CLEARWATER, Fla. -- Turns out, Chase Utley's soreness was a little less routine than initially thought. The Phillies second baseman has been diagnosed with patellar tendinitis in his right knee after undergoing an MRI here in Florida on Saturday.
Both Utley and general manager Ruben Amaro Jr. stopped short of calling the condition "serious", saying they hope an ounce of prevention during the spring will pay dividends down the road.
Utley has been held out of the Phillies' first three games this spring, including today's match-up against the Yankees at Bright House Field. But he continues to take batting practice, something he says is not hampered by the knee condition.
"I think he knows and understands this is about the long haul," Amaro said. "He's an intense guy and he wants to be out there playing and all that business, but I think he understands that this is all part of the process for him to be fine later on rather than have to deal with it long term."
Utley said the condition does not hamper him at the plate, but causes pain when he makes sharp movements like he would when fielding or running the bases.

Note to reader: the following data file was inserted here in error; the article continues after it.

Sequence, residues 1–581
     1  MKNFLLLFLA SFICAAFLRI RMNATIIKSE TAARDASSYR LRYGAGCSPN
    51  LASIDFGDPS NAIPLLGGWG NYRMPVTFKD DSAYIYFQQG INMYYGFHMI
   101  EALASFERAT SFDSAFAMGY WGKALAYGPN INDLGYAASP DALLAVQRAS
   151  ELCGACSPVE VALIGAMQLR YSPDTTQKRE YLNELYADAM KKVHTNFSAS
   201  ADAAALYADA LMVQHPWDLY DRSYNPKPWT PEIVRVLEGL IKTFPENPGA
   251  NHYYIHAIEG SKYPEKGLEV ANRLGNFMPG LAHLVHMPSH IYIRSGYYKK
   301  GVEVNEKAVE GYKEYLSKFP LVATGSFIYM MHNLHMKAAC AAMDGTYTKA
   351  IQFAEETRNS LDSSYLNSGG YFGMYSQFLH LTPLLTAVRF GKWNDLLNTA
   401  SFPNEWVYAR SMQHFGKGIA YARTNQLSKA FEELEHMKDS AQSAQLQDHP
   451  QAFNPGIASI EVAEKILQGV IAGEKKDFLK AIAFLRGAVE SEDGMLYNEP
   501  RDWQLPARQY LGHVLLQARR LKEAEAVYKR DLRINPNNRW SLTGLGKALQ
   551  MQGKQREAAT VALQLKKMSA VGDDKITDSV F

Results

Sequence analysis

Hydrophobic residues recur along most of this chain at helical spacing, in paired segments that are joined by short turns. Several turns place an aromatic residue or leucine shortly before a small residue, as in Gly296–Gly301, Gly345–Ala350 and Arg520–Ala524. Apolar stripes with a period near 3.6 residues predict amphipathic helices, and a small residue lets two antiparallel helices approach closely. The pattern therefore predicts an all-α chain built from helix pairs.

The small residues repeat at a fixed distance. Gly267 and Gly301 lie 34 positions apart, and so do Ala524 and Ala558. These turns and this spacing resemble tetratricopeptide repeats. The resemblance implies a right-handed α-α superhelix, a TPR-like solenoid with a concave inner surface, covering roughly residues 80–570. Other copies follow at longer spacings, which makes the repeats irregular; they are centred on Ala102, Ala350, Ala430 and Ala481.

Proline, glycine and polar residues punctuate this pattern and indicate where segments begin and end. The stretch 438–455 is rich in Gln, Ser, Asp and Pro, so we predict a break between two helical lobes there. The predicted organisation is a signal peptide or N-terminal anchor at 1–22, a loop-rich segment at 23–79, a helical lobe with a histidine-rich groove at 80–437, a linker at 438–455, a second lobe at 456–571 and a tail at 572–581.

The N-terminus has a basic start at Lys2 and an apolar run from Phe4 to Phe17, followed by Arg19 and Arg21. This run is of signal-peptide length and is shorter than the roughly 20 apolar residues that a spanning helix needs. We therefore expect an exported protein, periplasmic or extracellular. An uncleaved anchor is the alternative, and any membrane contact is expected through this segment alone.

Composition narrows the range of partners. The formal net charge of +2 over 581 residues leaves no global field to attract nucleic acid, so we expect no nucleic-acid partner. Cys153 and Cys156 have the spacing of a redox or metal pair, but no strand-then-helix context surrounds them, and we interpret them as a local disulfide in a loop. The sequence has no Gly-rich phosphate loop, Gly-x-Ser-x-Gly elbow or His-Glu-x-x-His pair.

He said surgical options to alleviate the tendonitis, which he said has plagued him in the past, have never been discussed.
"I hope it's just a minor blip," Utley said. "I think we have the right people checking it out. I think the work ethic is going to be there in terms of trying to improve it. So in that aspect I think it's all good."
Utley said the condition is nothing new. He has dealt with it and played through it in the past. But the flare-up has lasted longer than usual this time.
"It comes and goes," Utley said. "Right now it's not going as fast as I wish that it would. But I think at this point it is better to be safe than sorry. I'd rather miss some games down here than miss some games during the season."
The 32-year-old Utley hit .275 with a .445 slugging percentage last season, the third straight year in which both numbers declined. He did not estimate when he might return to game situations. He labelled himself as "day-to-day."